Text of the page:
henryprofessor
School: University of Virginia

Attached.

Why corporations do and do not engage in corporate philanthropy - Outline
Thesis Statement: While some local and multinational corporations such as Apple
and Exxon devote substantial efforts and funds towards corporate philanthropy, others
fail to or commit minimal efforts and funds to the courteous act. Some companies
invest significant percentages of their revenues in corporate philanthropy while others
hardly do.
I.
II.

Introduction
Why Corporations do Corporate Philanthropy

III.

Why Companies do not Do Corporate Philanthropy

IV.

Conclusion


Running head: WHY CORPORATIONS DO AND DO NOT ENGAGE IN CORPORATE
PHILANTHROPY

1

Why Corporations Do and Do Not Engage In Corporate Philanthropy
Name
Institution

WHY CORPORATIONS DO AND DO NOT ENGAGE IN CORPORATE PHILANTHROPY 2

Why Corporations Do and Do Not Engage In Corporate Philanthropy
Introduction
In the advent of globalization, local and multinational corporations have continuously
adopted dynamic strategies in a bid to achieve the best competitive advantages over their
counterparts. It is evident that organizations commit substantial amounts of money to activities
such as corporate social responsibility and corporate philanthropy. Corporate philanthropy is an
extension of corporate social responsibility and aims at improving the welfare of other humans
through the provision of different types of charitable donations by a corporation (Steiner &
Steiner, 2012). Corporate philanthropy by companies can be implemented through different
programs, including matching gifts and volunteer grants. In the former, employees request their
employers to match their donations to a nonprofit establishment while the latter, employees
request their employers to contribute towards charity (Double the Donation, 2019). Different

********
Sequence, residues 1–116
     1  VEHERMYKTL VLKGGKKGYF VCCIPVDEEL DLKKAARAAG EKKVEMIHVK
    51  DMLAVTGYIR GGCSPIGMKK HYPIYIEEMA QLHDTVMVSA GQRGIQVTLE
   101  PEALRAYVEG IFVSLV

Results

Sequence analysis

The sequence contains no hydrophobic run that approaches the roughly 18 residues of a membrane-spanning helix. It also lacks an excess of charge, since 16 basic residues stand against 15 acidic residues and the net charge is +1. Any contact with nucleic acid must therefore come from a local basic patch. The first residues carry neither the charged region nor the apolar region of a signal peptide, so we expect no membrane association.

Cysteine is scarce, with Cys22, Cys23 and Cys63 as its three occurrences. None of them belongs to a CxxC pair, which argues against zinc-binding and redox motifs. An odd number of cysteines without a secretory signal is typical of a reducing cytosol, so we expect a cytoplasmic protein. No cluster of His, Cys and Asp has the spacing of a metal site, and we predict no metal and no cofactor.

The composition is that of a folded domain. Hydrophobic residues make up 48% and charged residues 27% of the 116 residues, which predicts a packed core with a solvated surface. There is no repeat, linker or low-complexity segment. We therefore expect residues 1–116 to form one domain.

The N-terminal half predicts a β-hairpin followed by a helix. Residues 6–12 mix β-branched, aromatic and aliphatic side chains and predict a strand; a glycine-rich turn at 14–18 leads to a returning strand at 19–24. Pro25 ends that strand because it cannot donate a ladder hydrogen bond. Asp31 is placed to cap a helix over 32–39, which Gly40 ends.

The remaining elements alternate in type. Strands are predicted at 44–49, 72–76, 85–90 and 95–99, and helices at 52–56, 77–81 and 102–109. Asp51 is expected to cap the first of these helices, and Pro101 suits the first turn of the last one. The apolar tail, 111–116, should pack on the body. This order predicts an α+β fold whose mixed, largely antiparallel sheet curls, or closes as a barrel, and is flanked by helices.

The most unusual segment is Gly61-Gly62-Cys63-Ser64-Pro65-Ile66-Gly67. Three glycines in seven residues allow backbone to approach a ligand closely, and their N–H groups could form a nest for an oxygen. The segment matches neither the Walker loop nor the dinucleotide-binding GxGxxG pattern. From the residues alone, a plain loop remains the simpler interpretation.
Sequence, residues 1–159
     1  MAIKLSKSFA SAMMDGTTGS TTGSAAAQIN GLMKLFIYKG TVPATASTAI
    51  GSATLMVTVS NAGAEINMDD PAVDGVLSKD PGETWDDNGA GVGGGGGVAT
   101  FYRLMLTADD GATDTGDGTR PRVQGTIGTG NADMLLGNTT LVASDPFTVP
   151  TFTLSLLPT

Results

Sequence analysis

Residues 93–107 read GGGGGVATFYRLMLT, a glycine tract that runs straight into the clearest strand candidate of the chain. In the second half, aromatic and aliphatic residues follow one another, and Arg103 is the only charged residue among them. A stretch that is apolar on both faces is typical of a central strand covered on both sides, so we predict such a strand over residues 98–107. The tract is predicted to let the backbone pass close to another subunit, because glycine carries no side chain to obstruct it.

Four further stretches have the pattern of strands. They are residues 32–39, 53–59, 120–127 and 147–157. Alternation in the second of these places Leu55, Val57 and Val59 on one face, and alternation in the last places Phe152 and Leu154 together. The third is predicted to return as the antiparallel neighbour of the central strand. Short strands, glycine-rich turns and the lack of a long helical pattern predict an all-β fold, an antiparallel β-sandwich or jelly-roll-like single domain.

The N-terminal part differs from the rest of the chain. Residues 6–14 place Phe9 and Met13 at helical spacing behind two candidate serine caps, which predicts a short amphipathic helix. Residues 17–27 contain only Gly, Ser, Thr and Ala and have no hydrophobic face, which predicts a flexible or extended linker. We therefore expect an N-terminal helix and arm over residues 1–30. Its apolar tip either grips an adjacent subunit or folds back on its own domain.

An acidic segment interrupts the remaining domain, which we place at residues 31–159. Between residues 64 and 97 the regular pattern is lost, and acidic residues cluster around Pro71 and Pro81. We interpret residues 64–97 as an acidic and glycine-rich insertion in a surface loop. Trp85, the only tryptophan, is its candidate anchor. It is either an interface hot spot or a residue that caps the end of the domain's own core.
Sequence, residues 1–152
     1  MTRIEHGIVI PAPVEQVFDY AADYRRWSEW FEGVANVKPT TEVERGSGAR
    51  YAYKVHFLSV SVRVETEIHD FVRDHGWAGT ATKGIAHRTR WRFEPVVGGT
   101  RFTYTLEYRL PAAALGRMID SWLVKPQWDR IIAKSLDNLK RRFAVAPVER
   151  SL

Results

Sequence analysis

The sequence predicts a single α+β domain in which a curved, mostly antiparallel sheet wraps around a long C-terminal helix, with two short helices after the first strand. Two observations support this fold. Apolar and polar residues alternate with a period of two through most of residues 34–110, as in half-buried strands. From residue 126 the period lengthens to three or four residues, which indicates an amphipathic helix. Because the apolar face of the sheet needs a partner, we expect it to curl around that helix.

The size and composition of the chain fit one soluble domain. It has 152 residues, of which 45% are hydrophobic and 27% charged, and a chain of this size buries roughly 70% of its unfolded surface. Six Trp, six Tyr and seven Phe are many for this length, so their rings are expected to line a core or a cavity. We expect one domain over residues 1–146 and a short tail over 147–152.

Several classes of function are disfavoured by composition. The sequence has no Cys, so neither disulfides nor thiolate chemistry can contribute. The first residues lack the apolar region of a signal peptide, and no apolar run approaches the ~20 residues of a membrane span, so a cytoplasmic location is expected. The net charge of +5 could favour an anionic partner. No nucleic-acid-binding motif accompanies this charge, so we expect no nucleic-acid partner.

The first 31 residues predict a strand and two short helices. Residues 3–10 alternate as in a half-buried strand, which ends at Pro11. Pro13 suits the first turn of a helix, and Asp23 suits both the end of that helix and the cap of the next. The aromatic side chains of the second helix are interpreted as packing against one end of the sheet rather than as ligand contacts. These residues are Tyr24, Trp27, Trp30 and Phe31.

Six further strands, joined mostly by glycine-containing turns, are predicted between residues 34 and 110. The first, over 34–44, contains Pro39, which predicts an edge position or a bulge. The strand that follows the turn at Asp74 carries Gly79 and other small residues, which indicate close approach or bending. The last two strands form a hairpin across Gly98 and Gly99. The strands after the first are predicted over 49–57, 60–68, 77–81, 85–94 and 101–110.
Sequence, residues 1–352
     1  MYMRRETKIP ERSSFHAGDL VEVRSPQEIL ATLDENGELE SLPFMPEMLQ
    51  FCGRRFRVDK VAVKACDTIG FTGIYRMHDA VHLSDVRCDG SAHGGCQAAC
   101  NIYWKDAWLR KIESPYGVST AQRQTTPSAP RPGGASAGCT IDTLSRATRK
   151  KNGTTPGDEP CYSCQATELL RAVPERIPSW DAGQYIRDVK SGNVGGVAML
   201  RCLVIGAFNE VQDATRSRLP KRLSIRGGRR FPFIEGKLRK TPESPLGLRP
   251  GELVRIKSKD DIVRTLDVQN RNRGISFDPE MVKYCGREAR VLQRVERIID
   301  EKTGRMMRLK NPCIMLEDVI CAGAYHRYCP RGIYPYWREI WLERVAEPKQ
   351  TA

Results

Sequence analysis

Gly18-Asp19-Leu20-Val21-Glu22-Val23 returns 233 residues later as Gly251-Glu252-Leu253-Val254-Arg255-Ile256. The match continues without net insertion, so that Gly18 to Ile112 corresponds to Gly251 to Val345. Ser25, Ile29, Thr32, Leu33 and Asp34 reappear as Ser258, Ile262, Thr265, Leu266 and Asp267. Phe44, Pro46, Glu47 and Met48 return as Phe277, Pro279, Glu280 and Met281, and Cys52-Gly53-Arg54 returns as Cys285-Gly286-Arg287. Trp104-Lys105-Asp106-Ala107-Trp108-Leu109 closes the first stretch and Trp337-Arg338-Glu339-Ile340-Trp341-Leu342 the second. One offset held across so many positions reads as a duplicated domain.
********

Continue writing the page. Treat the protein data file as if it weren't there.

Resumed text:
multinational corporations such as Apple, Exxon, Expedia, Google, Walmart, and PepsiCo
among others have been exemplified as global leaders in corporate philanthropy. The
commitment or failure to commit to corporate philanthropy is determined by various strategic
factors which are unique or shared among the companies. While some local and multinational
corporations such as Apple and Exxon devote substantial efforts and funds towards corporate
philanthropy, others fail to or commit minimal efforts and funds to the courteous act. Some
companies invest significant percentages of their revenues in corporate philanthropy while others
hardly do. For instance, some American companies such as Costco and Lowes Home
Improvement have been classified among the least philanthropic companies in the US (Ni,
2007). Therefore, companies do or fail to do corporate philanthropy due to different situational
and strategic differences. This paper will critically and objectively evaluate the reasons for the
difference through the examination of various companies.
Why Corporations do Corporate Philanthropy
The continuously changing global business environment as well as the need for corporate
entities to create a positive image is among the primary justifications for the involvement of
businesses in corporate philanthropy. Businesses in the world today operate in a field
characterized by increasing competition from existing competitors as well as new entrants to the
industries (Steiner & Steiner, 2012). As such, the management teams of the companies
continuously strive to create and maintain strong competitive edges for their establishments.
Corporate philanthropy has been continuously adopted by different companies as a way of
achieving competitive advantages over its compe...

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Anonymous